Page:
Riotous isle of vanilla gangsters, lemurs and a DJ president
In his new book on Madagascar, John Gimlette tells of trouble in paradise
This article is taken from the May 2021 issue of The Critic. To get the full magazine why not subscribe? Right now we’re offering five issue for just £10.
As if a coronavirus pandemic is not bad enough, Madagascar has been suffering another public health scare of late: bubonic plague. The most serious bout came in 2017 with 2,348 cases, 202 deaths and a rush on cache-bouches (face masks) long before anyone had even heard of Covid-19. Conditions in jails — deemed similar to those in medieval Europe — were partially blamed. Each year since, outbreaks have spread during la saison pesteuse (roughly August to January), although numbers are now well down.
When the travel writer, John Gimlette, arrived in 2018 with his rucksack stuffed with notes and three months to spare, walls were “plastered in posters of rats and fleas” and “people still looked watchful and pasty”. Undeterred, he began to look around, soon hearing rumours that “the government had made millions [in aid] from their overblown epidemic”. As with so much on this mysterious island nation 240 miles off Africa’s east coast — the world’s fourth biggest island, population 20 million — the truth is sometimes tricky to establish.
In The Gardens of Mars, Gimlette, a London-based barrister and author of five previous travel books (most recently on Sri Lanka), gives it a good try, setting off on cramped mini-buses and little planes to cover the, by turns, desert-dry and rainforest-lush, former French colony. The French finally left in 1960 after arriving as traders in the seventeenth century, setting up their outpost in the late nineteenth century and facing bloody uprisings towards the end. “It’s always intrigued me, this unnoticed country,” writes Gimlette. An unnamed diplomat provides a blunter assessment of the “strategically inert” island, “if Madagascar were to disappear, no one would notice.”
The common denominators throughout? Poverty. Most Malagasies live on less than $1.90 a day. Dreadful roads with “cow bath” potholes. Fear of accidents on escarpments: “The road is always disappearing, and cars and trucks often take to the air.” Malaria and bilharzia: every sixth child in rural areas is said to suffer from the latter. Endless hearsay: were those Canadian miners really after nickel and sulphates, or was it gold? The occasional dissolute barfly: “Joyless, worn, mushroom-skinned and middle-aged,” attracted by sex tourism and child exploitation. Both are worrying problems.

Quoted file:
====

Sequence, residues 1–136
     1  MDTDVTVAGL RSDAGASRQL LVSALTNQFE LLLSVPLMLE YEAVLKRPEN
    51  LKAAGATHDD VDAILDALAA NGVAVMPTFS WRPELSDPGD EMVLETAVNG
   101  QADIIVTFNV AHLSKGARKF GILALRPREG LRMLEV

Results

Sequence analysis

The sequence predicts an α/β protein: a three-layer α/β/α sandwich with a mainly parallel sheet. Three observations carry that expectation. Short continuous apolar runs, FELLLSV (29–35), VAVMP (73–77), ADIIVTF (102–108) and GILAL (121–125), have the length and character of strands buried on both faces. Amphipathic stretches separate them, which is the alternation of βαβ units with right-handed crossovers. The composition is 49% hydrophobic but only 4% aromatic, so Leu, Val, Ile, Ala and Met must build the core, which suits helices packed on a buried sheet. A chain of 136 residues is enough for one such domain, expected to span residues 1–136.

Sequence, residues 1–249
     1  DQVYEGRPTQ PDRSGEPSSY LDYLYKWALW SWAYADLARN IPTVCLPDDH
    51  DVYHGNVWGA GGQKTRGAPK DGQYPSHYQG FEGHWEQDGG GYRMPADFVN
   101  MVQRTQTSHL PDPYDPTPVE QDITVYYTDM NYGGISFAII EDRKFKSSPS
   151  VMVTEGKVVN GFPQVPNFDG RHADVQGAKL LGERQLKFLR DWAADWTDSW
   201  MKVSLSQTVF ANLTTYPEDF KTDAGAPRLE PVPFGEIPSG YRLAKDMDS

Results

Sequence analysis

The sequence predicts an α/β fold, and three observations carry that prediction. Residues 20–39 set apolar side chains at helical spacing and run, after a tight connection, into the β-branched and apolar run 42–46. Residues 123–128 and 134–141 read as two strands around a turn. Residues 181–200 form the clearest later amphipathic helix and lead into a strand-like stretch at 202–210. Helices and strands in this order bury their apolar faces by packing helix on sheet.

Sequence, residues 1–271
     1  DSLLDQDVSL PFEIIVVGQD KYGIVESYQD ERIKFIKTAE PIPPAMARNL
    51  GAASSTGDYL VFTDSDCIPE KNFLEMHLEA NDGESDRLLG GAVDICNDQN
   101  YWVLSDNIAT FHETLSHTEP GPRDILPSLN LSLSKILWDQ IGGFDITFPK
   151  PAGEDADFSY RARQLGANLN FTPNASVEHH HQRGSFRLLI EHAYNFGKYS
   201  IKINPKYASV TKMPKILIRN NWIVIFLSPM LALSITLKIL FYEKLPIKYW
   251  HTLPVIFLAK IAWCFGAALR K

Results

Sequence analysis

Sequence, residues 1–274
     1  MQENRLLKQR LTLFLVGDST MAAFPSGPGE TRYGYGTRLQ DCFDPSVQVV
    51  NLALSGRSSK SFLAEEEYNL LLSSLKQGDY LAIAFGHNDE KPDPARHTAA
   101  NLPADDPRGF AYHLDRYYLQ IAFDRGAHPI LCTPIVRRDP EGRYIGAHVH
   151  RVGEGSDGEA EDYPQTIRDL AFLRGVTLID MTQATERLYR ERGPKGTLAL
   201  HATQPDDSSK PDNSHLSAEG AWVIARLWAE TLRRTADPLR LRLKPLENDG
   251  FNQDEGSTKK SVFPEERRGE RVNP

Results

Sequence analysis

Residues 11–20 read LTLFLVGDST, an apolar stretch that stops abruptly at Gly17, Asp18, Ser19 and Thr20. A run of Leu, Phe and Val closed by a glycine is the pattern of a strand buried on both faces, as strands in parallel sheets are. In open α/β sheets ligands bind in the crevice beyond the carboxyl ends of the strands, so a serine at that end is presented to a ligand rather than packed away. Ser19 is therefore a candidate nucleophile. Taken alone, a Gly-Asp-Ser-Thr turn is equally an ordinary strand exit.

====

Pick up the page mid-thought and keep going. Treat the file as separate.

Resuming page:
Gimlette’s forays along crocodile-infested rivers and into tribal settlements where outsiders are rarely seen
And lemurs: 107 indigenous species, mewling, howling and sometimes pinching breakfasts on hotel terraces. Lemurs are tolerated, kept as pets by some, although eaten by others. Folklore says the creatures could once speak but chose (judiciously) to refrain when humans arrived for fear of being put to work.
This was around 8,000BC. Madagascar splintered from the super-continent of Gondwana 150 million years ago and had been left untouched before being settled by travellers from Indonesia, although no-one quite knows why or how. Herbert Deschamps, a French historian, described their passage as “la plus belle enigma du monde”.
Gimlette’s forays along crocodile-infested rivers and into tribal settlements where outsiders are rarely seen — some in territory at the mercy of cattle-rustling outlaws — weaves descriptions of the often-uncomfortable nature of travel (though he never whinges) with vivid passages on Madagascan history. From the Dutch, British, Portuguese and French slave traders of the seventeenth century (almost half the 32,473 slaves on Barbados were Madagascan), to tribal wars to capture others for sale, and ship-wrecked Europeans coming to sticky ends, it is a history that is destructive, often bloody.
The vicious reigns of King Radama I (1793-1828) and Queen Ranavalona I (1828-1861) are told in gory detail. Astonishingly, up to 2.5 million people, half the population, perished at the hands of Ranavalona, who adopted magic including a vicious loyalty test involving eating chicken skins soaked in poison. Those who regurgitated all were deemed “innocent”; others pushed off cliffs.
The French invasion of 1883 with its high death toll on the march to Tana is told with Gimlette dutifully following their route. In 1942, Britain captured the Vichy-controlled port of Diego Suarez. This offensive had so worried Churchill that he “felt a shiver of anxiety every time I saw the word Madagascar”. His chief concern was the Japanese eventually taking the excellent natural harbour.
Pirates, Welsh missionaries, horrifying Nazi plans to ship out Jews, vanilla-crop gangsters, ruinous Marxist 1970s leaders, and — most recently — a yoghurt baron and DJ presidents, add to the extraordinary mix. And at the end of his three months, Gimlette finds himself caught up in a political riot in Tana wondering if he is somehow dreaming the events. Yet, despite the mayhem, he concludes, “Madagascar and its people may often seem impenetrable, but there’s no better place to be happily lost.”
He returns to his wife and daughter in London, who had joined him briefly when visiting the beaches on the satellite island of Nosy Be, the closest Madagascar has to a tourist resort. It is 36 years since the Irish travel writer, Dervla Murphy, penned her bright and breezy travelogue Muddling Through in Madagascar. Gimlette’s update, perhaps lacking her playfully light touch, is nevertheless gripping — bubonic plagues and all.
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